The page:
Cross-posted from RTB
Research and lessons learned from a collaboration between the CGIAR Research Programs on Roots, Tubers and Bananas (RTB), and Policies, Institutions, and Markets (PIM) to produce gender-sensitive tools to make value chain interventions more gender responsive have been shared during a training workshop for CGIAR gender research experts.
Hosted by Pennsylvania State University, the three-week Gender Research & Integrated Training Workshop (7 – 24 June, 2016) is part of a series of initiatives by the CGIAR Gender and Agriculture Research Network in partnership with Penn State to enhance the quality of CGIAR gender research.
The workshop focused on topics including the historical context of gender and agriculture science, connecting social theories to agricultural research and designing high-quality research plans.
"...prepare the new generation of CGIAR gender research leaders"
“The purpose of this workshop is prepare the new generation of CGIAR gender research leaders, improving skills to produce high quality research across centers and CGIAR Research Programs. Being part of this team is an honor and a great learning experience, but also a great responsibility since we are called to ensure the gender research in our centers,” explained Cecilia Turin, a postdoctoral researcher with the International Potato Center (CIP) working on climate change adaptation and gender, who attended the workshop. Cecilia’s gender research focuses on understanding the impact of agricultural innovations in household decision making and labor allocation and gendered knowledge systems.
As part of the program Andre Devaux, Regional Director for Latin America and Caribbean (LAC) region and Strategic Leader at CIP, presented the experiences of the RTB and PIM research team in developing a guide for integrating gender into participatory market chain approaches, focusing on the case of Papa Andina with the IssAndes project in Peru.
The guide, entitled ‘Technology for Men and Women: Recommendations to reinforce gender mainstreaming in agricultural technology innovation processes for food security’, was recommended as one of the key reading materials during the course. Co-financed by RTB and PIM, the guide provides recommendations for designing and implementing technology diffusion initiatives with a gender perspective in order to help development practitioners design and disseminate agricultural technologies that will be adopted by and benefit both men and women.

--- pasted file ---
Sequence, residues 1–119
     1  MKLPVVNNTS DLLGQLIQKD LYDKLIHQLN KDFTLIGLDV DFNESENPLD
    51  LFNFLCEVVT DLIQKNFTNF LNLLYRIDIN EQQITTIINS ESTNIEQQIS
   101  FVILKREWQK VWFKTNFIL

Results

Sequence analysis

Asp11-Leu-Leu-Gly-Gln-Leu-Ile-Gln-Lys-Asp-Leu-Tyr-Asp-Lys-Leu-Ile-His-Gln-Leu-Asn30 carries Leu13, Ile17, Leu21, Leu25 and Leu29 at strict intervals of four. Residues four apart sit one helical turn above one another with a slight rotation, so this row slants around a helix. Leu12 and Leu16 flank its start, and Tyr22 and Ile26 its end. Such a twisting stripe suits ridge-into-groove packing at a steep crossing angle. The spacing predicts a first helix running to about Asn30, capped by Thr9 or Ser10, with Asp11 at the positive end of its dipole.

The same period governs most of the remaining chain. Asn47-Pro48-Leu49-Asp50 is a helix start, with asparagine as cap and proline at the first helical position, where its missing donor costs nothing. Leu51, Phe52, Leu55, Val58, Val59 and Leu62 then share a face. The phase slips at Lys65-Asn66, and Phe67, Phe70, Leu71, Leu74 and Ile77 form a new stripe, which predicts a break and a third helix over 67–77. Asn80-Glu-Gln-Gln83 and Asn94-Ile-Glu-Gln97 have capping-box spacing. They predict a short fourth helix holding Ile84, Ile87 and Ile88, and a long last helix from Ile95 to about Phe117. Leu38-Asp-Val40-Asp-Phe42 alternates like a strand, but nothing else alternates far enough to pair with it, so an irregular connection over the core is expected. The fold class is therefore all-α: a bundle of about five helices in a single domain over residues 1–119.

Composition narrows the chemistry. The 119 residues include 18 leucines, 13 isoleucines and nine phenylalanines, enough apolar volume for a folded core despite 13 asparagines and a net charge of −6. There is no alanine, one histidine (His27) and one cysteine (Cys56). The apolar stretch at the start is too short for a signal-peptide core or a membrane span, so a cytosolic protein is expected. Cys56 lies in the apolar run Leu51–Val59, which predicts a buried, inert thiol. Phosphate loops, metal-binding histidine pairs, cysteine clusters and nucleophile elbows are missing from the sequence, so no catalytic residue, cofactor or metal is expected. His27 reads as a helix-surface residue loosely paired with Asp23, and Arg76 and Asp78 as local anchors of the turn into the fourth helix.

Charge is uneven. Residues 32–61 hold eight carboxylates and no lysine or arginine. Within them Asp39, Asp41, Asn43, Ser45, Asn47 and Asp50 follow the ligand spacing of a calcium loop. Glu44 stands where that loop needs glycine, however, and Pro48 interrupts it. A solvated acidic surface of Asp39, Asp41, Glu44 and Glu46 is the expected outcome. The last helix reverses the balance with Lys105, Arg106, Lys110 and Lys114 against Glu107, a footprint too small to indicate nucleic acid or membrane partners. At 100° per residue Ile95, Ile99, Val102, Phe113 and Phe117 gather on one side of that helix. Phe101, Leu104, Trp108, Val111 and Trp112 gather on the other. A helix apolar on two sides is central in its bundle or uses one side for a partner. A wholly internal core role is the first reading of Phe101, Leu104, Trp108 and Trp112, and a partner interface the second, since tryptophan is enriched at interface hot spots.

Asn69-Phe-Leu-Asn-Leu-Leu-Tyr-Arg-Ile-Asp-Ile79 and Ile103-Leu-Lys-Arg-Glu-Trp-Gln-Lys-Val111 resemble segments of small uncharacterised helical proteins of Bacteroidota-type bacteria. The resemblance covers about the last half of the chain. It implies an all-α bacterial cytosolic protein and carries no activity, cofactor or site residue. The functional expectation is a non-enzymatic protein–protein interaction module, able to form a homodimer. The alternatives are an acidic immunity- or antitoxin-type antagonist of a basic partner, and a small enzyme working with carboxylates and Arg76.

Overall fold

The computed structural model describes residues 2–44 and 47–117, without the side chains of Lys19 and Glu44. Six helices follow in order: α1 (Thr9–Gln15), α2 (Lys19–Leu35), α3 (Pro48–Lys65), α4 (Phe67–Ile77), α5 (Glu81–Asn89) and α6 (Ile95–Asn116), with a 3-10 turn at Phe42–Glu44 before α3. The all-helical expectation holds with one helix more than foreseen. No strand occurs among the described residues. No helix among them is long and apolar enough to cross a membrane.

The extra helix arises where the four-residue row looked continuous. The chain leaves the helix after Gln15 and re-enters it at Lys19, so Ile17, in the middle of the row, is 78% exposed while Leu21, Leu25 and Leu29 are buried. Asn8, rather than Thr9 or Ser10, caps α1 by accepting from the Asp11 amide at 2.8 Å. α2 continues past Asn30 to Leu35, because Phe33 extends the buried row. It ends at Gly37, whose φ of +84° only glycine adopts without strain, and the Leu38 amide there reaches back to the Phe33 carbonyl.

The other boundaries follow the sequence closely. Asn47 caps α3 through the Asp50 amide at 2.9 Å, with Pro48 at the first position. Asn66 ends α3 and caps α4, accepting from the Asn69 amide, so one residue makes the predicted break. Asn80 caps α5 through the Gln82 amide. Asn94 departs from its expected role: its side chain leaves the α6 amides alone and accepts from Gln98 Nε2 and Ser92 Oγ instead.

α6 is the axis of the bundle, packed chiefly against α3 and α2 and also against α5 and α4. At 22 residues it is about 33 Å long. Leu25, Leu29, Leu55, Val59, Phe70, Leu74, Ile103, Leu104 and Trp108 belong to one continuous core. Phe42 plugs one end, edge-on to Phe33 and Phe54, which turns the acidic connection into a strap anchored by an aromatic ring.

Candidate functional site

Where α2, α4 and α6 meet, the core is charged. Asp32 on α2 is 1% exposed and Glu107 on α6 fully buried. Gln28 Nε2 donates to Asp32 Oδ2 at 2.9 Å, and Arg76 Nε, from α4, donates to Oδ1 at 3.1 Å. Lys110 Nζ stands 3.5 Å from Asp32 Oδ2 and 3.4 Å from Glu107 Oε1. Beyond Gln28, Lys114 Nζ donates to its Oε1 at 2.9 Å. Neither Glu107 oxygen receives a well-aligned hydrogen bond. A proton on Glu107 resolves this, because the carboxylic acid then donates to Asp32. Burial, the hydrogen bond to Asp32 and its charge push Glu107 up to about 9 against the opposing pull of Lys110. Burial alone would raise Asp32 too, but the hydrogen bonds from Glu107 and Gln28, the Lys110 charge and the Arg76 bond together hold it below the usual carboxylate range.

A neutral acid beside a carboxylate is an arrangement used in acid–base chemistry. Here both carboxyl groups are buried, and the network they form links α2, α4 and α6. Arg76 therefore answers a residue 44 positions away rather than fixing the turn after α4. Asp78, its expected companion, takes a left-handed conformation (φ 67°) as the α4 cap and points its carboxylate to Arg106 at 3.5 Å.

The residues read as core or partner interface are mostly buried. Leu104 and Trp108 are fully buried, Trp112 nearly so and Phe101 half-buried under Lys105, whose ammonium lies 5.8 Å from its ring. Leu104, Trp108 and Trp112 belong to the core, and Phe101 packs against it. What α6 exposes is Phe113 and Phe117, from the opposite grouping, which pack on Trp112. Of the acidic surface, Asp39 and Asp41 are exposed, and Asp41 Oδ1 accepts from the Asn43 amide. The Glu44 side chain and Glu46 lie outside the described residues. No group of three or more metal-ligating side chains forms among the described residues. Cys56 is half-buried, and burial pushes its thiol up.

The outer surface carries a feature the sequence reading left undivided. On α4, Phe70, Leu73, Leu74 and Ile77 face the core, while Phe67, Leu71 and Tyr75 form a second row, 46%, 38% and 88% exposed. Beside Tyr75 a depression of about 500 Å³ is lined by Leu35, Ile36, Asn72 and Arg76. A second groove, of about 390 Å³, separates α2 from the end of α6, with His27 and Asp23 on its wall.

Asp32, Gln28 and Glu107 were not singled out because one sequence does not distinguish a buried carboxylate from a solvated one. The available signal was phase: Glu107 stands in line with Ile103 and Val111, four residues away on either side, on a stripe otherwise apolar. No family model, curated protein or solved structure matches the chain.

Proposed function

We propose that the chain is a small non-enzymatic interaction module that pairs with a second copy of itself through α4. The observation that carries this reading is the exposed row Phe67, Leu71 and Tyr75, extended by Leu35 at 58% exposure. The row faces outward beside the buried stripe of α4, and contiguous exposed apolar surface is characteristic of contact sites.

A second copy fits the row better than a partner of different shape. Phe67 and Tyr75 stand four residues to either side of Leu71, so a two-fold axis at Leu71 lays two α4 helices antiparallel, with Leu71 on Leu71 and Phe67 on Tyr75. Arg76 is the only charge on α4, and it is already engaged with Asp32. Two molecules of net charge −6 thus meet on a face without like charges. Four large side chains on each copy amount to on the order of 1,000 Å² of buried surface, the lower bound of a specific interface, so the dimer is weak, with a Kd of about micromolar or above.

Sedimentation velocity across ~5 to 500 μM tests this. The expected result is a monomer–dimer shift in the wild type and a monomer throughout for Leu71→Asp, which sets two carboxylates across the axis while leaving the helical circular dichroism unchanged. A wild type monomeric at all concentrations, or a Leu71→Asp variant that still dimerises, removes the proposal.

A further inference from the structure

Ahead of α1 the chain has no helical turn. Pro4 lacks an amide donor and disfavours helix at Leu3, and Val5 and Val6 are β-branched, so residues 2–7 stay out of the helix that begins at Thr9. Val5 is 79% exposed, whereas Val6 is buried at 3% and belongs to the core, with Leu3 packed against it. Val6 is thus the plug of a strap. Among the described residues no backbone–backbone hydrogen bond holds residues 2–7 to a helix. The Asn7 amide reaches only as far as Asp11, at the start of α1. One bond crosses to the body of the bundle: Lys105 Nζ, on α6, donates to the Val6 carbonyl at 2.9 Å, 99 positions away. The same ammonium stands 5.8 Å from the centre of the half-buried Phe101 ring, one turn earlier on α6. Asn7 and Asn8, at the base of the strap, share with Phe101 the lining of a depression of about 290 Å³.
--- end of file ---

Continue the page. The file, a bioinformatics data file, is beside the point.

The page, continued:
“I became proud of being a gender researcher at CGIAR, which was the most valuable aspect of this course,” said Nozomi Kawaruzaka, a postdoctoral fellow with RTB who is working on various collaborative projects with CIP and the International Center for Tropical Agriculture (CIAT).
Nozomi’s work focuses on understanding gender relations and gendered agency, gendered processes of agricultural innovation and the social dimensions of food insecurity and under-nutrition.
“Leland Glenna’s lecture on philosophies and Processes of Science inspired me. The concepts and beliefs we discuss in his class, such as technological determinism, scientism, category errors, neoliberalism, ecological fallacy and hierarchy of needs, helped me to recognize how far I am from a vast majority of scientists at CGIAR,” she explained.
“At the same time, I came to believe that qualitative social science research can challenge those dominant thoughts and thereby contribute to transforming agricultural research for social equality,” added Nozomi, who along with her cohort of accepted participants from varied CGIAR Centers and Research Programs will return for a further training workshop at Penn State in 2017.
Participants were also paired with a mentor for the duration of the training, until 2017.
“We learned from Jacqui Ashby (leader of the CGIAR Gender Network) the importance of mentorship at this stage of our careers. Professor Carolyn Sachs, coordinator of this training program and leader of Gender Studies in Penn State is my mentor, and it is a privilege connecting with a mentor of such wingspan,” said Cecilia.
“We also learned the need to incorporate gender and feminist approaches to improve gender research quality. Professor Sachs said she cannot think of gender research without the connection to gender and feminist theory. Mentorship on gender also ensures the connection with the gender and feminist approaches, frameworks that enlighten the gender research and analysis,” she added.
The training was preceded by the inaugural Gender, Agriculture and Environment Initiative (GAEI) Symposium also at Penn State, which brought together a network of scholars who conduct research and evidence-based outreach on areas including sustainable agriculture, gender and climate change, gender and value chains, and gender-integrated research methods.
Both events not only provided capacity building for the scientists, but also an opportunity for CGIAR postdoctoral researchers to get to know each other and create an internal network of support and partnership, allowing for more opportunities for mentorship and collaboration.